Young In Ag: Fruita native, CSU grad back on the farm and sharing knowledge with Fence Post readers | TheFencePost.com

Young In Ag: Fruita native, CSU grad back on the farm and sharing knowledge with Fence Post readers

Sam Waters

Q: What do you love about agriculture?

A: The people. Almost everyone you meet involved in agriculture or who grew up on a farm, big or small, are just good people. They're the backbone of this country and they help keep food on the table. They're usually colorful and friendly. And they all have great stories to tell.

Q: What is your background in ag?

A: I grew up on a farm where we raised wheat and alfalfa seed. Aside from working on my family farm growing up, I also started working as a part-time, seasonal baler mechanic when I was 16, which exposed me to a lot of different farms and ranches.

I began writing agricultural articles for extra credit in my freshman ag class and then got offered an internship through my local paper, the Fruita Times. I worked there for two years covering the agricultural/rural news beat. I worked as an intern for the Grand Junction Daily Sentinel, where I also covered the agricultural beat, and during which time I wrote an article that later earned me a Colorado Press Association award for best agricultural story.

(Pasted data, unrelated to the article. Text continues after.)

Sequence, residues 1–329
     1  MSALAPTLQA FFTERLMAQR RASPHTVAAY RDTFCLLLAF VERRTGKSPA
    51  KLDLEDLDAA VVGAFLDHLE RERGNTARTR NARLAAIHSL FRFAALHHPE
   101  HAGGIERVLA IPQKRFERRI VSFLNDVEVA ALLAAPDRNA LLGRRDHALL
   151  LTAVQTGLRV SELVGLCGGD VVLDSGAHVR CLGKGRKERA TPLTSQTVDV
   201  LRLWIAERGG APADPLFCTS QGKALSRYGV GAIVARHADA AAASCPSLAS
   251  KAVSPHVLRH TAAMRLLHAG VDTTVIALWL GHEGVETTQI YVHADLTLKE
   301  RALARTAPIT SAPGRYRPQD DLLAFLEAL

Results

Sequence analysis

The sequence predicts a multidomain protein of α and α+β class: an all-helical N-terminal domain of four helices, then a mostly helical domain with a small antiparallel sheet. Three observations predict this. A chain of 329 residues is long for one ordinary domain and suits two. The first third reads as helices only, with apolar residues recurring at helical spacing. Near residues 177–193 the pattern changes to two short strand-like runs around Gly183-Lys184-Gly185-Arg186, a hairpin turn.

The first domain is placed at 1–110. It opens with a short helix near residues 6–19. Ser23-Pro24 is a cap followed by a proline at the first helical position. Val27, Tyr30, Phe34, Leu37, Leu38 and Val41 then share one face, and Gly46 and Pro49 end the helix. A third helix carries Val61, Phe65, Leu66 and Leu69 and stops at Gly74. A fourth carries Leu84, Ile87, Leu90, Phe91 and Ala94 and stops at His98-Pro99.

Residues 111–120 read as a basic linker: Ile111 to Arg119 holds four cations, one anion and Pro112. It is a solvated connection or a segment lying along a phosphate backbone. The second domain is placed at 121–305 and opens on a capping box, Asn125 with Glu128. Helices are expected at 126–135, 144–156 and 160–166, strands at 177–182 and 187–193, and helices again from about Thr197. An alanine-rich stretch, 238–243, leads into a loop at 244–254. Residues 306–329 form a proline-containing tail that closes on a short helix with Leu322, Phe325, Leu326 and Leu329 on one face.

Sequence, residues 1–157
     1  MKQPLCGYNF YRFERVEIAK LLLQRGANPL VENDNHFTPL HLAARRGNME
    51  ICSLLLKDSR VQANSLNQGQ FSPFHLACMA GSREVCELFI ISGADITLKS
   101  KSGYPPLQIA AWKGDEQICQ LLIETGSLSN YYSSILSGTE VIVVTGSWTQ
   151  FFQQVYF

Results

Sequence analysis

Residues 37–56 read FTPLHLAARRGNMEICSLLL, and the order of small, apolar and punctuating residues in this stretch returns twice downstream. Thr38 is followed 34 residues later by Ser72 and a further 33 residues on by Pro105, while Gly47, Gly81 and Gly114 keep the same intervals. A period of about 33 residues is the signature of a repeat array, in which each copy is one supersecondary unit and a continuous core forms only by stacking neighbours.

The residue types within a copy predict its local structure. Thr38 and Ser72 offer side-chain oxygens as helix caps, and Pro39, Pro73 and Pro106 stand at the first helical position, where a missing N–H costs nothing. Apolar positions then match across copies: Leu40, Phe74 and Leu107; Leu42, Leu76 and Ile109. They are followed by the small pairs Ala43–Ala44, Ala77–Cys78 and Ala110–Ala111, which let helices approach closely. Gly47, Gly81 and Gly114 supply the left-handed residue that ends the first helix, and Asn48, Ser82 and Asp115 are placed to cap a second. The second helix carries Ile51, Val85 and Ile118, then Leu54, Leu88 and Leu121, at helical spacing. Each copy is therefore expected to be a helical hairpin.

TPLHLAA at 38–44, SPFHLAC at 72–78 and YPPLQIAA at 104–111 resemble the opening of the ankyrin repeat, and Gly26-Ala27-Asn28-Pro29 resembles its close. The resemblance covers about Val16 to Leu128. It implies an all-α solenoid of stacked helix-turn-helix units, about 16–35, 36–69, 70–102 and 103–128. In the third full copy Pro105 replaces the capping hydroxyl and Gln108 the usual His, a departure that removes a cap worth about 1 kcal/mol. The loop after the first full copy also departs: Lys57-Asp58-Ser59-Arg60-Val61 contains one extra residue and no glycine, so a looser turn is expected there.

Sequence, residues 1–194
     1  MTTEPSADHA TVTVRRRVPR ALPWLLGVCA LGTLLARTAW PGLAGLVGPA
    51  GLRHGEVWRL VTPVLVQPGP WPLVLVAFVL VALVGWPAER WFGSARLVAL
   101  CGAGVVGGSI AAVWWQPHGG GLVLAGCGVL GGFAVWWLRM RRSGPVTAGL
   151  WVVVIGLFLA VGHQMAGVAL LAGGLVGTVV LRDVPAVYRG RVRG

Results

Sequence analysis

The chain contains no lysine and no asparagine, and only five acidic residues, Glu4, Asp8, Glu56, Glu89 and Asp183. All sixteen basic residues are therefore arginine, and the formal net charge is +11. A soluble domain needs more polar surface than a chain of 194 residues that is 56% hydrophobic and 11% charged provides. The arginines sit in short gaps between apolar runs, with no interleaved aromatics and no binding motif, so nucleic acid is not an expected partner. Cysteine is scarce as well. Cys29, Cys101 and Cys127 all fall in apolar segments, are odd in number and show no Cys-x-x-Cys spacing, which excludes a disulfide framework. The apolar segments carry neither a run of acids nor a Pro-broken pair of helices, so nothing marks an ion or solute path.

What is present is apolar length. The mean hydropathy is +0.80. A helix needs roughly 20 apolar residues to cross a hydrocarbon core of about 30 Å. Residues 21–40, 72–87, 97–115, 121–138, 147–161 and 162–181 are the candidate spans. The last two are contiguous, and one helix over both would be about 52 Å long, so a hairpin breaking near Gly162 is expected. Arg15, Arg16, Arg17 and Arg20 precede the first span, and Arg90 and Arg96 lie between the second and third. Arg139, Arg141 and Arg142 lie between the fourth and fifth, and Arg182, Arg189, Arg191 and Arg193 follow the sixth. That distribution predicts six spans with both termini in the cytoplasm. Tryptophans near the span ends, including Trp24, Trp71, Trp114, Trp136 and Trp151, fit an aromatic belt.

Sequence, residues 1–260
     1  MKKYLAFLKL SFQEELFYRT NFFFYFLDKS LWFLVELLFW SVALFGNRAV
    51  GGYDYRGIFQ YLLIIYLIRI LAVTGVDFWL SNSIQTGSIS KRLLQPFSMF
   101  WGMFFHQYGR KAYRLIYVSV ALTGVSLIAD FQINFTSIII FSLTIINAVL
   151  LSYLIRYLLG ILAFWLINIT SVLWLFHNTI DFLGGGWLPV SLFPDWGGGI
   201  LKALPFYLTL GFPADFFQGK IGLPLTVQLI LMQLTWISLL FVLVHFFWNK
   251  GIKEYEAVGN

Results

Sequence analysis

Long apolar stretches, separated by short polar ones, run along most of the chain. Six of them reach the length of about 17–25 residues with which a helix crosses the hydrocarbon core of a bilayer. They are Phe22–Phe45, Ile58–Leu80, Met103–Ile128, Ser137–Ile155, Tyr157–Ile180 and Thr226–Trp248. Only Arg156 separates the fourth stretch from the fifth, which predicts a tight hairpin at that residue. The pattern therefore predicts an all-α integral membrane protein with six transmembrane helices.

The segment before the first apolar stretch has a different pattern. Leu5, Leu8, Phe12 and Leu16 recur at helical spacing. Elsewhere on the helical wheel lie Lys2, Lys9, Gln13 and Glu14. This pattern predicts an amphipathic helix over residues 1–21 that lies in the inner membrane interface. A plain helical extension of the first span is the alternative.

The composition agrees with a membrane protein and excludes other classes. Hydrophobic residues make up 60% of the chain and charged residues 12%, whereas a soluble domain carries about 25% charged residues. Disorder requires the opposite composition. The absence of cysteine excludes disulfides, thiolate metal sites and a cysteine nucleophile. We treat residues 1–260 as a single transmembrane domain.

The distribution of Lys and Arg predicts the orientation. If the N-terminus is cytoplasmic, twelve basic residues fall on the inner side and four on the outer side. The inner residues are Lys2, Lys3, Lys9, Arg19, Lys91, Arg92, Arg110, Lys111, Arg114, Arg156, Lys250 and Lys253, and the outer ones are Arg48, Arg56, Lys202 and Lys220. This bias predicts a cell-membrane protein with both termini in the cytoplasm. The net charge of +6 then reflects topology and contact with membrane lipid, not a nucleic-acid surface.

I graduated from Colorado State University in December 2013 with a bachelor's in journalism with a minor in agricultural economics.

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I also started submitting articles to the Fence Post while in college and have enjoyed continuing to do so ever since.

Q: What are your future plans in ag?

A: My future plans for agriculture are to work on my family farm and learn more about the business so I might take it over one day. I also want to continue writing ag articles and hope to become a good communicator for the ag industry.

Q: What are you doing today to pursue those future plans?

A: I'm currently working on my family farm and am dedicating this year to learning more about every aspect of the farm. I'm also still a continuing writing for the Fence Post and always looking for my next story.

Q: How are your current activities preparing you for that future?

A: Working on my family farm daily is allowing me to learn more about the business side of the farm and not just how to be laborer, like I was. I like learning the "when" and "why" of the decisions that we make, so I might make them on my own in the future.

As for my ag journalism career, I feel that every person I meet and every day I work on my farm better prepares me to be a stronger communicator for the ag industry.

Q: What leaves you optimistic about having a future career in agriculture?

A: We're always going to need people to produce food and fiber, so I'm confident that a future career in agriculture will be there for me. The growing interest in where our food comes from gives me hope that people will want to keep our agricultural industry strong and thriving.

Q: What do you think the agriculture industry will be like in 25 years?

A: To be honest, I have no idea what the agriculture industry will be like in 25 years. I think technology will continue to be a large part of it and help us be more precise and productive. Perhaps the growing trend of diversified farms will continue and we'll see more small farms emerge.

But whatever the case may be, I hope that the agriculture industry and the people involved will continue to thrive and be able to feed the world. ❖